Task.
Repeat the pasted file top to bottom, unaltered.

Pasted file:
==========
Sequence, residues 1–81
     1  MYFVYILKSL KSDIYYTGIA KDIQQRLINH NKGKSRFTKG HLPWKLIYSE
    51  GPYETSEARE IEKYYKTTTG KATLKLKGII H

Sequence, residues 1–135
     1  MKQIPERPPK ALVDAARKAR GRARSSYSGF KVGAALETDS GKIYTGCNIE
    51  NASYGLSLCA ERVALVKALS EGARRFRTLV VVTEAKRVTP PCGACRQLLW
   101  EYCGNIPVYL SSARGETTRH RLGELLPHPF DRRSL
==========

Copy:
Sequence, residues 1–81
     1  MYFVYILKSL KSDIYYTGIA KDIQQRLINH NKGKSRFTKG HLPWKLIYSE
    51  GPYETSEARE IEKYYKTTTG KATLKLKGII H

Sequence, residues 1–135
     1  MKQIPERPPK ALVDAARKAR GRARSSYSGF KVGAALETDS GKIYTGCNIE
    51  NASYGLSLCA ERVALVKALS EGARRFRTLV VVTEAKRVTP PCGACRQLLW
   101  EYCGNIPVYL SSARGETTRH RLGELLPHPF DRRSL